Becky has brought that same fighter’s spirit to her career — especially when she’s confronted sexism or been underestimated because of her gender in the Latin music industry. “There are a lot of beautiful things about our Latinx culture, but I also think that there are a lot of things that no longer serve us, which is machismo, which is how we perceive women owning their sexuality,” she says. “Just women working, period, is so unsettling for older generations. But I never really was fazed by it, to be honest. It was more fun to me to be like, ‘Alright, you’re trying to put me in this box, but now I’m jumping to this box, and I’m going to keep jumping to this box, to this box, and you can’t catch me. So what now?’”

Blazer, pants: Aliétte Shoes: Stuart Weitzman Necklace: Jennifer Meyer Rings: Fallon and Adina's Jewels

Becky has also used her platform to challenge mental health stigmas in the Latinx community by being open and honest about her own struggles with anxiety and depression. She says seeking professional help and going to therapy helped her achieve “a whole new level of self-understanding.” Being Mexican-American myself, I know that mental health isn’t a topic that’s widely talked about in the Latinx community, and so does Becky. “In our culture, we don’t like to admit that we may not have the answers to something or that we don’t understand something,” she tells me. “I was having intense panic attacks. I was having speech anxiety, which, as you can see, I love talking, I’m very expressive, and I went through a period where I was not able to communicate . . . I realized that’s not OK. This isn’t OK. I really have to do the work.”

At 23 years old, Becky has already become one of the biggest Latinx superstars in the world, made history portraying the first openly LGBTQ+ character in a superhero movie with her role as Trini in 2017’s Power Rangers, and made her mark as a vocal social-justice advocate and I Am a Voter spokesperson. But according to Becky, this is just the beginning. “I’m just barely scratching the surface of all of the things that I hope to accomplish one day in my career,” she tells me. “I definitely want to continue pursuing acting . . . I would love to do a romantic comedy, because I feel like I’m just a goofy person, so I feel like it’d be fun to kind of explore that side as an actress.” (Um, Becky in a rom-com? Yes, please!)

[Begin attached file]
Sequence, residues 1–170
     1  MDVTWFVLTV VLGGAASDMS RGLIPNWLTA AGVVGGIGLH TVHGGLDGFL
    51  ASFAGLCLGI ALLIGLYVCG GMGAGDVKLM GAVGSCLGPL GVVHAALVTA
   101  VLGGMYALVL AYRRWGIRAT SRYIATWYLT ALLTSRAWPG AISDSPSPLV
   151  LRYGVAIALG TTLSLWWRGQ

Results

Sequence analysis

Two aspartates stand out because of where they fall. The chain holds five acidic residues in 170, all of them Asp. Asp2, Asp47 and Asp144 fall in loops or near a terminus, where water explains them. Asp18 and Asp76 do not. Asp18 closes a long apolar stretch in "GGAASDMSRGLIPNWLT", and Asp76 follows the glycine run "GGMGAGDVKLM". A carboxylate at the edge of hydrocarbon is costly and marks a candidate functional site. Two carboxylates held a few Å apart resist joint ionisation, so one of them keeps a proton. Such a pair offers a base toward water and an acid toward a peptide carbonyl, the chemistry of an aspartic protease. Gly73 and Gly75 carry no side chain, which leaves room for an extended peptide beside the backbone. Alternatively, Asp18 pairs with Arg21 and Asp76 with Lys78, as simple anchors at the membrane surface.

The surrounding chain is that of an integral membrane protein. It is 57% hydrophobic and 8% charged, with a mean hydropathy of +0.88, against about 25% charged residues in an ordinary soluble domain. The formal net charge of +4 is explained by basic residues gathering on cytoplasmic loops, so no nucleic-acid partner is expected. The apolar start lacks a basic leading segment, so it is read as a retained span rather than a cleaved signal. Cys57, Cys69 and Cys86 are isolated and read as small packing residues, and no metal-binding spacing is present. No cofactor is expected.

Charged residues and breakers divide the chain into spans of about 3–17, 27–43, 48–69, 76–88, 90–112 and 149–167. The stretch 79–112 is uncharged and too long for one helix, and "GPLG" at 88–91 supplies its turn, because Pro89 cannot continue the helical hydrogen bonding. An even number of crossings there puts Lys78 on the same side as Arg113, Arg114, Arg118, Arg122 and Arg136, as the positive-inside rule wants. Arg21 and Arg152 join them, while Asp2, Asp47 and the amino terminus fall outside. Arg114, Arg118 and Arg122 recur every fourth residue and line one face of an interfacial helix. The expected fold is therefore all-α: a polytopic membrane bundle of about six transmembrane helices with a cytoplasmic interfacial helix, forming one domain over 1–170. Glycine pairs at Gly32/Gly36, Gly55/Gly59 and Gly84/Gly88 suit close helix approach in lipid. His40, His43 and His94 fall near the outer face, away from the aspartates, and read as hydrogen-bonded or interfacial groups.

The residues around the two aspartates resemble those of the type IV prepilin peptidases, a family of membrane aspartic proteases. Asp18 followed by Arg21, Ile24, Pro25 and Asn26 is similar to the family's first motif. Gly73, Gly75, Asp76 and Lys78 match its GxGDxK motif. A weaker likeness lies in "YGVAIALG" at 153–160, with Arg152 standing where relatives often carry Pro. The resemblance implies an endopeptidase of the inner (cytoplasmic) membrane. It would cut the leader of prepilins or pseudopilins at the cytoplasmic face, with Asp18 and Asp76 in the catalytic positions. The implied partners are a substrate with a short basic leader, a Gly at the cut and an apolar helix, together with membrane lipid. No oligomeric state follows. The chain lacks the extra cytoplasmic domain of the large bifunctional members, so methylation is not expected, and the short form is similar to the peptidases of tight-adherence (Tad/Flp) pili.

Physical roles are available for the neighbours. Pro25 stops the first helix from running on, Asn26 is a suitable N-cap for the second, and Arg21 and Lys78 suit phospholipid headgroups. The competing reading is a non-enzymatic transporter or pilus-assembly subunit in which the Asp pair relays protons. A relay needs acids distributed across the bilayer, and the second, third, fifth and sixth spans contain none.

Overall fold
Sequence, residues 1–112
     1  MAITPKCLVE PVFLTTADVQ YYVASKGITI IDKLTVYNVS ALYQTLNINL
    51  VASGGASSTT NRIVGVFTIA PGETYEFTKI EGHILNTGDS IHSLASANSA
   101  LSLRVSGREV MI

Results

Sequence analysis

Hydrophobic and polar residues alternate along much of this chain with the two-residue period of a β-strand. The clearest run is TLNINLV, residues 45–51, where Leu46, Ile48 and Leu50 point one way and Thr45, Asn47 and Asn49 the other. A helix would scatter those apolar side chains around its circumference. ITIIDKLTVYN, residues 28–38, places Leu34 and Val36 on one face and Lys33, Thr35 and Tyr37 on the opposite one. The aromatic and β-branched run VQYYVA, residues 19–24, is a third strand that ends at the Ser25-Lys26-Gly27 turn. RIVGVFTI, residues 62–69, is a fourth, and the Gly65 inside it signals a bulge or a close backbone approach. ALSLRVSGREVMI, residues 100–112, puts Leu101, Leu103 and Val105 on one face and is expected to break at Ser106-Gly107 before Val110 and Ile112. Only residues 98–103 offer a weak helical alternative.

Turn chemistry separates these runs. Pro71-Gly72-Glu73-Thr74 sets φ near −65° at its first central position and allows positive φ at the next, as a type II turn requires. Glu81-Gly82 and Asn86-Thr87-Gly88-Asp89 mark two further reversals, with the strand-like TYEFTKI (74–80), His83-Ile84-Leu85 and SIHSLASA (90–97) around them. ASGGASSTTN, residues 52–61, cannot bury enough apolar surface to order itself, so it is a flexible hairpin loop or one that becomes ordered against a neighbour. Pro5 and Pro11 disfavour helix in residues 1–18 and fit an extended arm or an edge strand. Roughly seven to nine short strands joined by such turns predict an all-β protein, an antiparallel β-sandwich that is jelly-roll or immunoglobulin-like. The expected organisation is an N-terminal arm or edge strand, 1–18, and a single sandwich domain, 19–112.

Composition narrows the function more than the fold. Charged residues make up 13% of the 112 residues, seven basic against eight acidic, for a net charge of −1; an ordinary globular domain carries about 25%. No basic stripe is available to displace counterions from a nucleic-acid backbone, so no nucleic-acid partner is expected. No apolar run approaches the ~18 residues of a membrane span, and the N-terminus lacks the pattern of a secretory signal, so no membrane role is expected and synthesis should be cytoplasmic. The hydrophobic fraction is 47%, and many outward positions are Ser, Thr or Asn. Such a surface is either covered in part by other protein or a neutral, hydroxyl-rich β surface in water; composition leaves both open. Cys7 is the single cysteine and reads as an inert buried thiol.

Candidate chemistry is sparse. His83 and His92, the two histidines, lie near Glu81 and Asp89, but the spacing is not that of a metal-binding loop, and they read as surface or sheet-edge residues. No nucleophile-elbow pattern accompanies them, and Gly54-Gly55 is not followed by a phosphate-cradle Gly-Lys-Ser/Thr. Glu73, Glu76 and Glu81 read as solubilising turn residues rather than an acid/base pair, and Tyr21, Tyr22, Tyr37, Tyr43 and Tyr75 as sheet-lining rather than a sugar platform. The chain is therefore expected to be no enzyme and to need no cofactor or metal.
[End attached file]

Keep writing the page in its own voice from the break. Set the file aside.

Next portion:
Blazer, pants: Aliétte Shoes: Stuart Weitzman Necklace: Jennifer Meyer Rings: Fallon and Adina's Jewels

While the global pop star’s ambitions are without limit, tonight her plans are the kind any 23-year-old can relate to. After work, she’s kicking off her heels, and she and Sebastian plan to grab takeout from a local restaurant and relax at home. But once the sun comes up again tomorrow morning, you can bet Becky will be all business.

“Every day is a hustle for me,” she insists. “Every day’s like, ‘How can I continue to help my family? How can I continue to uplift others in my community?’ So [once] I can do that without losing sleep at night and getting canitas in my hair, then I’ll be like, ‘Alright, I’m good. I made it.’”

Text BECKY to 26797 to check your voter registration status and get election updates from I am a voter.

Editorial

Editors: Lisa Sugar, Mandy Harris, Lindsay Miller Copy Editors: Mary White, Bryan Brandom Talent Booker: Kristin Harris Consumer Marketing: Victoria Pedlar, Maya Berry

Creative

Photographer: Emilio Sanchez Creative Direction: Jenny Anna Ung Art Direction: Jae Payne Site Design: Patricia O’Connor Wardrobe Styling: Morgan Pinney Style Direction: Dana Avidan Cohn Hair: Gabi Lopez Makeup: Ash K Holm Nail Artist: Johanna Castillo Production: Laura Lehman Video Production: Ross Richards